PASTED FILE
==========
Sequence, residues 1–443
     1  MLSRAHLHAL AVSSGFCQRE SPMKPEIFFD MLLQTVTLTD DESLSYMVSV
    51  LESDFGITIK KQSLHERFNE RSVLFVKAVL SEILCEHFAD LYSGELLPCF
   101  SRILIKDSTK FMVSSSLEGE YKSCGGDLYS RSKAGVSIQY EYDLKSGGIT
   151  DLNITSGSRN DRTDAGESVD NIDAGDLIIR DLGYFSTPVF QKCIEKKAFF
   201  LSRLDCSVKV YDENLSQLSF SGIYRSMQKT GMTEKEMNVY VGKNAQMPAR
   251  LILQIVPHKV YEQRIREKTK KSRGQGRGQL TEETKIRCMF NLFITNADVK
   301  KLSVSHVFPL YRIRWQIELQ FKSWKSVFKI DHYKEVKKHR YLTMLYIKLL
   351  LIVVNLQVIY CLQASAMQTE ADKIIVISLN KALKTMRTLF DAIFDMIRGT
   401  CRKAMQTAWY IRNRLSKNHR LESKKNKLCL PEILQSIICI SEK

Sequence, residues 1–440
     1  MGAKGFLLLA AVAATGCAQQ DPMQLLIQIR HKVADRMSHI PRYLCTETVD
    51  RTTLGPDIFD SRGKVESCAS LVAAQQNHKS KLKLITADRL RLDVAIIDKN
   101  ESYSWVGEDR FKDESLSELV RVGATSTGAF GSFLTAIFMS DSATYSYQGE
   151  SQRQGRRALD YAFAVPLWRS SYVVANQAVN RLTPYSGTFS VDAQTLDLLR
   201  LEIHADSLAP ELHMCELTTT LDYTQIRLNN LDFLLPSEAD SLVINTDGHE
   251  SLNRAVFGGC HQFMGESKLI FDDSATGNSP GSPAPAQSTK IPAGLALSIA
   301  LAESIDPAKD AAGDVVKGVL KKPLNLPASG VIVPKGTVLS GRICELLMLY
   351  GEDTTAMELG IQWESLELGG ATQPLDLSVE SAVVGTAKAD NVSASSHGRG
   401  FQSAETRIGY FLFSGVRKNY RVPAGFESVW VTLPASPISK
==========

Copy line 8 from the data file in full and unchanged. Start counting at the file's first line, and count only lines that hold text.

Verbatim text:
   301  KLSVSHVFPL YRIRWQIELQ FKSWKSVFKI DHYKEVKKHR YLTMLYIKLL